Dan Sullivan, he’s a professional speaker that I’ve listened to on different occasions. He said a quote that really stood out to me, and so much so that 20 years later I still remember this quote and think about it from time to time. But he said that in this world, there are three things that will never be commoditized. And by commoditized, I mean, you know, we can hire people to do it. It becomes simplified down into, you know, basic tasks. Listen to these three things. Innovation, creativity, and leadership. So, day-to-day tasks aren’t on that list. Those can be commoditized and hired out.

Building a strategy in an organization generally… Again, you can hire professionals to do that, and they’re going to be not creating something completely new. They’re going to be taking bits and pieces putting that together of other strategies that have worked in the past to apply into the business that you’re thinking of. But leadership is on his list of the three things that will never be commoditized. These are things that when we say they’re not going to be commoditized, it means they’re never going to be simplified down into bits and pieces that somebody can just turn around and replicate. Leadership comes from inside. Leadership comes from the heart. Leadership comes from priorities and what’s the most important. And it then becomes the feeling, the underlying experience that everybody experiences in a business.

Now, if I just pick all these concepts up…and let’s drop them into personal financial planning. Think about your financial life. Day-to-day paying bills, and keeping track of things. There are bookkeepers and accountants and, you know, hire somebody to do all that and keep track of that for you. Very easy. And those are those day-to-day tasks. Reconciling your bank account, reconciling your credit card, paying the credit card bill. These are just day-to-day tasks. Most of us just do that on our own. We don’t hire that out, but from a commoditization standpoint and from a where is the most…where does the most value from you come, it’s nice to think about this so that you realize that when it comes to those tasks and even when it comes to building the strategy, those things you can get a lot of help with and hire some of that out. But when it comes to leadership, it rests solely on you.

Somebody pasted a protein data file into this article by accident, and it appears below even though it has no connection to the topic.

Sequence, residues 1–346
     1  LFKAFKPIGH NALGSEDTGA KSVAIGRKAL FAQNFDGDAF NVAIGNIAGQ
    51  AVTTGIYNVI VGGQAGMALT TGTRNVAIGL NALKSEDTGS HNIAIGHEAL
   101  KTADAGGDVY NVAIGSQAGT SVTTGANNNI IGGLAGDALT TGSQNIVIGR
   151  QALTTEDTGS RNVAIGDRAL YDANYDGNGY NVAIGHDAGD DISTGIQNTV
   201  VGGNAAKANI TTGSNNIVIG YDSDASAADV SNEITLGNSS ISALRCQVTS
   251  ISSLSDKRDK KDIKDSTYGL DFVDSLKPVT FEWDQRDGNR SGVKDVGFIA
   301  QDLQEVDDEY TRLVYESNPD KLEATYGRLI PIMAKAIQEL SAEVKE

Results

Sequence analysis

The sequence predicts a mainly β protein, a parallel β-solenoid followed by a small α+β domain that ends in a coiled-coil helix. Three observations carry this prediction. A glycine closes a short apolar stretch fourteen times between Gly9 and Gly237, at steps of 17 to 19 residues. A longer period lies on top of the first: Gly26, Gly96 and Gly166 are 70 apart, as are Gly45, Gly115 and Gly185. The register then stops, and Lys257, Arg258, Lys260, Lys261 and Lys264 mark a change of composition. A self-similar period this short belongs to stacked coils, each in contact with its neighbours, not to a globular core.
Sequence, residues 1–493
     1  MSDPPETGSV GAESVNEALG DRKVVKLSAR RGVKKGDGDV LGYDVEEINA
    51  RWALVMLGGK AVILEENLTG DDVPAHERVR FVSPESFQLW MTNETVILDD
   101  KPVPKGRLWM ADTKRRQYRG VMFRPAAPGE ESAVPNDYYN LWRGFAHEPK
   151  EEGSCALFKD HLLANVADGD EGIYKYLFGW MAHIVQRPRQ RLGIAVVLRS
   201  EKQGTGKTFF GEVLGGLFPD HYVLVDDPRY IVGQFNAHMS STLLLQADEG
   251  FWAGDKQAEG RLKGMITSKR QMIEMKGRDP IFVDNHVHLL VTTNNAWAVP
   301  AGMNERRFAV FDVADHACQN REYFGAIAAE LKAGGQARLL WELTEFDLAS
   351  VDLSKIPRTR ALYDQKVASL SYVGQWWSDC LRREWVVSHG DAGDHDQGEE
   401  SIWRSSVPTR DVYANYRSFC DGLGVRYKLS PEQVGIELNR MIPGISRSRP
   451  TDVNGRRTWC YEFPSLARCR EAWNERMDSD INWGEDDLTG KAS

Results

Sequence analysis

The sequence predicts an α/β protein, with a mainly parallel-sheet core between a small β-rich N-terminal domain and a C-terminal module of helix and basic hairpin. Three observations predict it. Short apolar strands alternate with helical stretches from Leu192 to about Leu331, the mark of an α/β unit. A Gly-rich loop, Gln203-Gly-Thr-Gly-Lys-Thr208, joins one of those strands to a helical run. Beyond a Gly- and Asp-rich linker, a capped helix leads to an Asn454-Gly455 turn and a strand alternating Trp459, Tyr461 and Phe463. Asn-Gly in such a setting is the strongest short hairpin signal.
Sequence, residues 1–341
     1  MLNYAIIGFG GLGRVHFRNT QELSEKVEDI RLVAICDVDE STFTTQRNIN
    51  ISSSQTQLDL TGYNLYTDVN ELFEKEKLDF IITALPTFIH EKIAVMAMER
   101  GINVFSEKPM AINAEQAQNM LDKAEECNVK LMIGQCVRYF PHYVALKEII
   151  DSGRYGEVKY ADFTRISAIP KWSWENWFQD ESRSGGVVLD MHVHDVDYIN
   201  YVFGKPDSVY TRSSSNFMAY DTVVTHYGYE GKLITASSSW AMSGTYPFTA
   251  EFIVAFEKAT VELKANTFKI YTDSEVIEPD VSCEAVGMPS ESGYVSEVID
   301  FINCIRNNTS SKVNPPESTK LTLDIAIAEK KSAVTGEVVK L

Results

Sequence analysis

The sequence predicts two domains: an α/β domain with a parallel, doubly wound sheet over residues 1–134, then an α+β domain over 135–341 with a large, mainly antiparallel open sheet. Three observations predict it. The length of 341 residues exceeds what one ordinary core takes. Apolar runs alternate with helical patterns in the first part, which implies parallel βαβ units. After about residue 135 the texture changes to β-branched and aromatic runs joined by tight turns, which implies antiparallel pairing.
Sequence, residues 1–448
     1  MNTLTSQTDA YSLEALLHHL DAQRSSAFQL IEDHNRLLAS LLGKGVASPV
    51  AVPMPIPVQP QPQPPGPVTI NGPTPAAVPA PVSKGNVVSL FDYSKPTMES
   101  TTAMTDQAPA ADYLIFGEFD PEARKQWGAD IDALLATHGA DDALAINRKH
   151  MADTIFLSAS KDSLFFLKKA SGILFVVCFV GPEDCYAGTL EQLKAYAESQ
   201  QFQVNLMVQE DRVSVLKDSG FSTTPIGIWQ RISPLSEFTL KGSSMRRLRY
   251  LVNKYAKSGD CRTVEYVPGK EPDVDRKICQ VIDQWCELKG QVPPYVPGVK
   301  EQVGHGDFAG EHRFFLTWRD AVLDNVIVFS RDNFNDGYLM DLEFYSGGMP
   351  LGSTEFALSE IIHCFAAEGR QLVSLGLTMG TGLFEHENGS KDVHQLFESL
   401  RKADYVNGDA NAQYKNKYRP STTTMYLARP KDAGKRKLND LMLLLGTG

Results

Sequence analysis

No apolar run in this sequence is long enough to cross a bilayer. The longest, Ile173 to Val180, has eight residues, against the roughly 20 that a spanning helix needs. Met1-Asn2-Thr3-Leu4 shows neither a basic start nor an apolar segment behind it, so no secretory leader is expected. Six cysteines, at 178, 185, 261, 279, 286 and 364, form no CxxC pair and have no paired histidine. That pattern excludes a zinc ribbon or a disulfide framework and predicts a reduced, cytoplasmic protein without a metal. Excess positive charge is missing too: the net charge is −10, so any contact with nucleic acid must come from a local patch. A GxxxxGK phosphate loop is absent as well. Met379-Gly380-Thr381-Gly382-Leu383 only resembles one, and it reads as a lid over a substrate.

On the strategy side, before I get to the leadership side, when you’re building your planning, you’re going to hire a financial planner hourly or, you know, straight-fee-based or some of them will charge a percentage of assets that they manage for you or some hybrid of those three. That’s generally how financial planners and people in the investment world get paid. And they can come in and bring a strategy. And most likely, they’ll be bringing a strategy that they’ve used in other places or seen used or deployed in other places, but figure out how to pull those pieces in for you. But in terms of leadership, you cannot outsource that. You cannot hand that off to your financial planner or a bookkeeper or anyone else. It is up to you to lead through that process, to lead all those people who are working for you in that process.